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The thumbnails below are linked to larger pictures

Tower viewed from across Thames Throne Room Yeomen guides
I could never remember visiting the Tower of London when I was young, so as it seems to be at the top of all the London tourists 'Must Visit' lists, I decided to rectify the omission.

On arriving it is recommended to wait for the next guided tour by a Yeoman warder. These are informative and entertaining, but be warned these Yeomen love playing to an audience and because of this progress can be rather slow. We broke away from the tour after about an hour and made our own way round, there were always Warders around to answer questions if required

We visited in the Autumn of 2001 and there were no crowds not even for the Crown Jewels, these were really fabulous the size of the jewels especially the diamonds were huge. Unfortunately no photography was allowed for security reasons. We have recently made a return visit in spring 2006 to discover that the crowds have returned having overcome fears of terrorist attacks.

In addition to the Crown Jewels the main areas to visit are the Medieval Palace from the days when the Tower was a residence as well as a fortress, The White Tower which is the earliest structure, Traitors Gate, Tower Green including the scaffold site and the Wall Walk around the eastern section of the defensive walls. The history of the Ravens can also be discovered, and there are usually a few to be seen on the green or perched on the white tower staircase.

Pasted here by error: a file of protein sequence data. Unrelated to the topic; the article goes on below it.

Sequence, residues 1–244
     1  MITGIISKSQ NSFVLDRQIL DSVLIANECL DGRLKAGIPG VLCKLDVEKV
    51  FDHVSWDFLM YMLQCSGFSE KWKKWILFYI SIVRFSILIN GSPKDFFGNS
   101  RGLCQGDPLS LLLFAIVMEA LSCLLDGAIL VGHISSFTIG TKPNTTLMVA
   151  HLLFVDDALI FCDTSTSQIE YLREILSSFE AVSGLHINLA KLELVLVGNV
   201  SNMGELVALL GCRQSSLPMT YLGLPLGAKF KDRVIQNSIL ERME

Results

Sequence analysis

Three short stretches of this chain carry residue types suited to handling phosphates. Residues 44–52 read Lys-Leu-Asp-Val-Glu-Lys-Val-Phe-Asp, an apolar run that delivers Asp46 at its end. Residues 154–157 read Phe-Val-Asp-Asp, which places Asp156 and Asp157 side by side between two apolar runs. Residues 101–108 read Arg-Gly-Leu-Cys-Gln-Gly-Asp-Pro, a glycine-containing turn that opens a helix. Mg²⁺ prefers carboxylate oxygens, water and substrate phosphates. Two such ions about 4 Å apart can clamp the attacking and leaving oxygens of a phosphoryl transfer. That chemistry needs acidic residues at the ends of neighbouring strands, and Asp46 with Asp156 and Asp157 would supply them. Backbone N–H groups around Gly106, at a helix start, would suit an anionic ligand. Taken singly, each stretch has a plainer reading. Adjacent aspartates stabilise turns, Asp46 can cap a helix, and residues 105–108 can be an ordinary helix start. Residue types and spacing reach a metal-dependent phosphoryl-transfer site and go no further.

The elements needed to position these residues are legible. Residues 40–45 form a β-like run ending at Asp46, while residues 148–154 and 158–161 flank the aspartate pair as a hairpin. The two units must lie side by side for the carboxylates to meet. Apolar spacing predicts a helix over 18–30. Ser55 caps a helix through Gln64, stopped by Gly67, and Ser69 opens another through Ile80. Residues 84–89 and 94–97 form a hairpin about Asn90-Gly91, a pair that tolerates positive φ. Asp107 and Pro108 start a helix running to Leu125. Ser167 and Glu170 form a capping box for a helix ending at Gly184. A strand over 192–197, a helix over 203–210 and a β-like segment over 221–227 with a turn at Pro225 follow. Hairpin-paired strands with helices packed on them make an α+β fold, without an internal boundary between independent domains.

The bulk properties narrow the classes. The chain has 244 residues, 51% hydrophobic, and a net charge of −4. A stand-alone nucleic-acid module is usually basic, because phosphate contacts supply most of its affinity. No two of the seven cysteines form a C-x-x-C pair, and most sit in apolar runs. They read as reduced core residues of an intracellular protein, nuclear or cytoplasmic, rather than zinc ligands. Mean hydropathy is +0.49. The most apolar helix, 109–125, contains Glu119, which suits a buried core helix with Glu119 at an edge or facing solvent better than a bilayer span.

The Tower has dominated the city of London for over 900 years since the initial construction of the White Tower by William the Conqueror (Duke William of Normandy) in the 1070's. The Tower has served many functions over its long history, including royal palace and fortress, prison and place of execution, arsenal, royal mint, menagerie and jewel house. Today London's fortress forms a great historical museum and home to the Crown Jewels, as well as a thriving community of about 150 people, mainly Yeoman Warders and their families and of course the all important seven Ravens (which includes a spare).

The Tower is one of the cornerstones of London History and is well worth a visit.
*Link to official site for viewing Visitor Information*
Small Arms exhibition in the White Tower St Thomas's Tower One of the Towers seven Ravens

Water Lane The White Tower A view of Waterloo Block housing the Crown Jewels.